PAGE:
What are private equity funds?
Private Equity funds consist of medium- to long-term investment in the development of private companies not listed on public markets. Listed companies can be subject to Private Equity only exceptionally, and the operation then consists of delisting them from the stock market.
A typical investment with the participation of a fund lasts from 3 to as much as 7 years and involves active cooperation between investors and the company’s management, which aims to generate profit through capital growth.
Unlike Venture Capital, which is based primarily on investing capital in companies with short histories and unestablished positions (e.g. startups), Private Equity is based on buying out part or all of companies with significant economic potential and further increasing it through skillful management.
Through Private Equity, investors also acquire companies at a late stage of development – planning to restructure, transform, and go public. Thus, there is no question of investing in high-risk companies that are only functioning at the stage of forming an idea or early expansion as in the Venture Capital model.
How do such funds invest?
Private equity deals allow them to generate huge profits. Globally, in 2021, the total value of buyout transactions exceeded $1 trillion. Not surprisingly, this form of investment is attracting increasing interest from market participants. Over the years, investment strategies in this sector have changed as transactions have globalized. Today, operations are mainly based on:
- leveraged buy-outs – the acquisition of a company by investors providing equity, financed with debt;
- fund of funds – the investor’s portfolio consists of other investment funds rather than specific securities, such as stocks or bonds;
- secondary investments – an operation whereby an investor buys back a stake in another PE fund;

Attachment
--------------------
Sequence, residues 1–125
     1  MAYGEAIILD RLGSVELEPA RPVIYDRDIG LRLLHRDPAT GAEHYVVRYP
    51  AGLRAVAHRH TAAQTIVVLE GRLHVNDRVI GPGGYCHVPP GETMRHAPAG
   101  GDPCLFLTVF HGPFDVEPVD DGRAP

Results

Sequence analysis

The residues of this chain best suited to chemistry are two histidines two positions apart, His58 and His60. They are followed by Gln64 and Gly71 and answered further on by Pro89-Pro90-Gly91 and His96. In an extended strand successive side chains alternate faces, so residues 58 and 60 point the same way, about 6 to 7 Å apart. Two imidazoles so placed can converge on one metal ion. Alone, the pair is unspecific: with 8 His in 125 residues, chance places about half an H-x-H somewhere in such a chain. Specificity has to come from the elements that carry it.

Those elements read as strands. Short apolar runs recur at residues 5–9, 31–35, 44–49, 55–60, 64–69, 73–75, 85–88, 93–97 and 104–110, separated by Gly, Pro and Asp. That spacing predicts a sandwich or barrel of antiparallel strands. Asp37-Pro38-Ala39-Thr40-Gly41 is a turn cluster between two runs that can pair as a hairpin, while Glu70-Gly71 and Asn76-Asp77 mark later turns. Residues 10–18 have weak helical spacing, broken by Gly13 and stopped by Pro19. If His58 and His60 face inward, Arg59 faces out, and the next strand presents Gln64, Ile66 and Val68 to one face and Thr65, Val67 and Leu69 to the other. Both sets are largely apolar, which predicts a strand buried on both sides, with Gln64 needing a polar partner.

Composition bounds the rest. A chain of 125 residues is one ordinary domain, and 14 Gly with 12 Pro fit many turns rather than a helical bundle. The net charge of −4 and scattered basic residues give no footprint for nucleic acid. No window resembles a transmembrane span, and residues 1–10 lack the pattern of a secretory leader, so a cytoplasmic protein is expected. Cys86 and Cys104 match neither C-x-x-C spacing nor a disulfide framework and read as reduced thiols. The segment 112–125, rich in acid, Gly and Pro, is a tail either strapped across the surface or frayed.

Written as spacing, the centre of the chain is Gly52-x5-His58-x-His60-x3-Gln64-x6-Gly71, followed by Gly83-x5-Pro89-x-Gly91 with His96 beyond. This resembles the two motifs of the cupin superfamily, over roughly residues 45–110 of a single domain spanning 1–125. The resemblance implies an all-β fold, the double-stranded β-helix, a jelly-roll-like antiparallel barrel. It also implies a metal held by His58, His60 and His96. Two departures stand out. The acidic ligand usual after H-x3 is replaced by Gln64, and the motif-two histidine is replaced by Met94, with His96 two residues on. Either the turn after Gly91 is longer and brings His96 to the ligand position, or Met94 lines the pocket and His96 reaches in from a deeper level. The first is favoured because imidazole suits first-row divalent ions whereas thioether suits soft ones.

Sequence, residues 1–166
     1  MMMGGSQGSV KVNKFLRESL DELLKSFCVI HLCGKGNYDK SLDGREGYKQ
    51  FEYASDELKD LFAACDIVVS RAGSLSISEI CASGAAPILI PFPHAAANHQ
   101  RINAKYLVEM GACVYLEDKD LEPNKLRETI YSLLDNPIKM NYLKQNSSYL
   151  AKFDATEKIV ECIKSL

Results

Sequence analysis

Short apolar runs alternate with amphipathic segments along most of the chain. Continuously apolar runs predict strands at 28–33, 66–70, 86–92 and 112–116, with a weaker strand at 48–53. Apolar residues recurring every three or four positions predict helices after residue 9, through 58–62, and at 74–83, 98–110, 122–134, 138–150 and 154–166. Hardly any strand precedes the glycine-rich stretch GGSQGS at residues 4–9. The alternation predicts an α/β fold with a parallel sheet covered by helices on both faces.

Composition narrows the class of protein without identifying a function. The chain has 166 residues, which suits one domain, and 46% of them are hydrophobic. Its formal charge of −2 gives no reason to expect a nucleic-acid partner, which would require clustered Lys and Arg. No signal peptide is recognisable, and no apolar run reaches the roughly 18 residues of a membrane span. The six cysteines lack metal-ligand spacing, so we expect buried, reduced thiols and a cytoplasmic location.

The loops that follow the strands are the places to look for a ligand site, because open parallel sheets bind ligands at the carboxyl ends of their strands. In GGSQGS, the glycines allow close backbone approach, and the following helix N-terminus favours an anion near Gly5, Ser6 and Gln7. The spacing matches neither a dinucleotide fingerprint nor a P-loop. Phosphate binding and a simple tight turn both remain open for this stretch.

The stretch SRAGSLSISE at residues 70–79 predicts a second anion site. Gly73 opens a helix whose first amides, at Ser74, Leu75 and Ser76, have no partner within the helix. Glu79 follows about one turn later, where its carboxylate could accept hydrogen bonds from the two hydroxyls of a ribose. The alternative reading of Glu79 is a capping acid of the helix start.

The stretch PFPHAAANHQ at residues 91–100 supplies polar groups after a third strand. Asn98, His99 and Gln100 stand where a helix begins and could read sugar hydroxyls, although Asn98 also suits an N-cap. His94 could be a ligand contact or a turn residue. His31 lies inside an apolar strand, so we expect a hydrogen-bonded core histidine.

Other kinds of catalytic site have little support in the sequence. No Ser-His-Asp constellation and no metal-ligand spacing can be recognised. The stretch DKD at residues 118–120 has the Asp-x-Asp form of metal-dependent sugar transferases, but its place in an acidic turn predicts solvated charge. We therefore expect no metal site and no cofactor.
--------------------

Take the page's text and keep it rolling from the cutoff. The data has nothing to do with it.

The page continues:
- equity coinvestment – a minority investment made by an investor in an operating company together with another PE investor;
- debt financing – funds are raised from a third party from private or public sources; a characteristic type of debt financing is so-called mezzanine.
Pros and cons of private equity funds
The main advantages of Private Equity include the company’s stable growth and lack of exposure to the vagaries of the public market. Relying on private investors also makes the company avoid applying for a high-interest loan or credit. At the same time, access to private capital makes the company’s potential grow rapidly.
For potential investors, this sector is also very flexible and offers diverse financing opportunities, far greater than the public sector.
The main disadvantages of PE funds are indicated as the need to invest a lot of capital and the return of profits distant in time. One often waits even several years for the results of the investment. Due to the need for investors to cooperate with management, there may also be potential difficulties in developing a joint development strategy.
Legal services for Private Equity funds
Linke Kulicki Law Firm has many years of experience in providing legal services to Private Equity funds. We support both the investors and the investee. We offer ongoing internal corporate services and support ongoing investments at every stage. For our clients, we conduct due diligence, prepare the necessary documentation and handle investment exits, taking into account the protection of the interests of the represented entity. We conduct IPOs, bringing private companies to the stock market.